The cannabis tax permit requires you to regularly file tax returns. For a business that is fully-operational, that can mean reporting every month on the last day of the month, during which the transactions you are reporting took place.
Filing Monthly Tax Returns
This is where things can get complicated.
However, as you become well-versed in LA cannabis tax laws, you will be able to develop an SOP (standard operating procedure) for efficiently and thoroughly documenting all of the necessary information needed in every transaction for your monthly tax returns. Incidentally, this is a major factor in the decision of many cannabis distributors to hire or outsource CFO services.
As a fully operational cannabis distributor, CDTFA requires you to do the following in order to file for monthly tax returns:
Collect cultivation tax
Collect cannabis excise tax
Document all transactions with an official receipt or invoice for the tax records of businesses you are collecting either of the above taxes from
File your Sales and Use tax with the CDTFA, pay the amount due, in addition to the above cannabis tax returns
Calculating and Collecting Cultivation Tax
Cultivation tax is collected from any cultivators or manufacturers of any harvested cannabis products that you purchase. Cultivation taxes are calculated based on the weight and the state of the cannabis plant at the point of the transaction.
As for rates, the CDTFA will begin accounting for inflation by annually adjusting cultivation tax rates on the first day of this coming new year. Cannabis businesses will receive notices of every adjustment directly from the CDTFA.
Dry cannabis flowers: $9.25 Dry cannabis leaves: $2.75 Fresh cannabis plant, where the weight is recorded within two hours of harvesting: $1.29
When you are documenting the amount of cultivation tax you received, be sure to record the category and exact amount of cannabis you purchased.
Calculating and Collecting Cannabis Excise Tax
The cannabis excise tax is collected from cannabis retailers you sell or transfer cannabis plants or cannabis products to. This is a 15% tax that’s “imposed upon all purchasers of cannabis or cannabis products sold at retail.”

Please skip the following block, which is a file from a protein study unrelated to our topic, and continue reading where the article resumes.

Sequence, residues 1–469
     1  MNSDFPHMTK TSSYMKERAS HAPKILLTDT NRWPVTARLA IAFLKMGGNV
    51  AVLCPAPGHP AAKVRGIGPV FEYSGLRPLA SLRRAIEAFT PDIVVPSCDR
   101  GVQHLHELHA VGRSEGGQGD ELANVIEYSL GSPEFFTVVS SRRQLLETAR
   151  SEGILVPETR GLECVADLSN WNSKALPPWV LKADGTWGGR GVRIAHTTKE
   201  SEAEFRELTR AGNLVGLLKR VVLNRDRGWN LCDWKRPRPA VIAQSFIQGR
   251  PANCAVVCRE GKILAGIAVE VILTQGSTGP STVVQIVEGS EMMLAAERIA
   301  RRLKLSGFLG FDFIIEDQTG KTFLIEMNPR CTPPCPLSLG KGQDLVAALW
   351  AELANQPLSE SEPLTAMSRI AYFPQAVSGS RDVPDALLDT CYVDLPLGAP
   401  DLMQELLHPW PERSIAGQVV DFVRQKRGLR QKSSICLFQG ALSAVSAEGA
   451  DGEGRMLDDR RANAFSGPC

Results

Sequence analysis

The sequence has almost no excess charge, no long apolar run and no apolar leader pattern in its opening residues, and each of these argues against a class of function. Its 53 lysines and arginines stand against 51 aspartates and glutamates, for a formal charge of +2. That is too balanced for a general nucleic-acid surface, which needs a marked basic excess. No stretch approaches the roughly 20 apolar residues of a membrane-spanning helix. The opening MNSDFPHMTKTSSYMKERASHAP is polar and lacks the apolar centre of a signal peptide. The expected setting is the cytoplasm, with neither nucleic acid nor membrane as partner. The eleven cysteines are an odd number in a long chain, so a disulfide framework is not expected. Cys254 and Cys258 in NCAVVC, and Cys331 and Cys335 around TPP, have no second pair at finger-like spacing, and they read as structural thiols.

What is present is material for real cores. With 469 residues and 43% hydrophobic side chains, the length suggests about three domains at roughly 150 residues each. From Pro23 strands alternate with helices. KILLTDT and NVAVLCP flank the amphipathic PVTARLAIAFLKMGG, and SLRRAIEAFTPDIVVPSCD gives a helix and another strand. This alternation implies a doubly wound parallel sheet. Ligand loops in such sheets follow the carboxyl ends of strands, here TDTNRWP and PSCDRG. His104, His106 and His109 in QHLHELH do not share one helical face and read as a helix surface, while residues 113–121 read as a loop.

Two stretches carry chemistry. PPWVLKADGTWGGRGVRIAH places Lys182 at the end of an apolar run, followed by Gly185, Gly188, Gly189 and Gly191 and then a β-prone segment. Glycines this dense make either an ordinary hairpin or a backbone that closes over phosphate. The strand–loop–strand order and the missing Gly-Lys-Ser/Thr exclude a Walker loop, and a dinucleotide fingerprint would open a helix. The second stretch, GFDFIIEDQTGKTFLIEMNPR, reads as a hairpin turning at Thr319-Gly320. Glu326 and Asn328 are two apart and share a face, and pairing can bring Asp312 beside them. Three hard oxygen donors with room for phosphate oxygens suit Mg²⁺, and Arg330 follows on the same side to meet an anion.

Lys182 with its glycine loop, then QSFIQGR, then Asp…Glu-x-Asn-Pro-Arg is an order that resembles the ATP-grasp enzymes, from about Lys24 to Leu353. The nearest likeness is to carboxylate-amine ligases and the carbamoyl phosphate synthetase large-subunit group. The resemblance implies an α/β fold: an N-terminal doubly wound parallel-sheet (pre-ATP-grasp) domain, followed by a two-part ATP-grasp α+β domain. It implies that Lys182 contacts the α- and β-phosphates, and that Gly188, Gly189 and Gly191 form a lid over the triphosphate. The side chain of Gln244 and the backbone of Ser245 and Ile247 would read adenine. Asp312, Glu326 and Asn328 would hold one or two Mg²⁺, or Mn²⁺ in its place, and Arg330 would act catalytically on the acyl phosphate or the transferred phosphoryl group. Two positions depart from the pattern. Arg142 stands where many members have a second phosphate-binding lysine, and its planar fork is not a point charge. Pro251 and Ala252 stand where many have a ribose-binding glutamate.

There are three categories of purchases that deem this tax applicable or not:
Arm’s length purchases indicate that the transaction is taking place between two consenting parties who have no relationship outside of that transaction. So the lounge on .. street purchases a supply of cannabis oil, or a batch of recreational marijuana, from you, you deliver, and the story ends there. Perhaps they are regular customers, but neither one of you receive any further benefits from your relationship aside from the transaction of the goods.
In these cases, the calculated tax is the whole cost of the product, plus the 15% markup. This would be an example of the standard market price.
Non-arm’s length transactions, also known as arm-in-arm transactions, are, as you can imagine, the opposite. Perhaps the transaction is between family members. Or perhaps it is done between two companies that have the same shareholders or umbrella company. In this case, the cannabis excise tax is calculated based on the retailer’s gross receipts, with no fixed markup. This transaction does not reflect the market price of the product.
You are also not responsible for collecting cannabis excise tax in cases where you are selling products to another distributor or microbusiness. These transactions should be documented to clearly state the following, as indicated on the CDTFA’s website:
The selling distributor’s name and license number,
The purchasing distributor’s name and license number, and
A statement that no cannabis excise tax was collected.
California Cannabis Track-and-Trace Metrc System
The state of California requires that all compliant distributors implement the track-and-trace Metrc system by using the Wholesale Manifest for each transaction with a retailer. This means recording the wholesale cost of each unit the retailer has to pay, and as of January 1st, 2020, this includes the cost of transportation.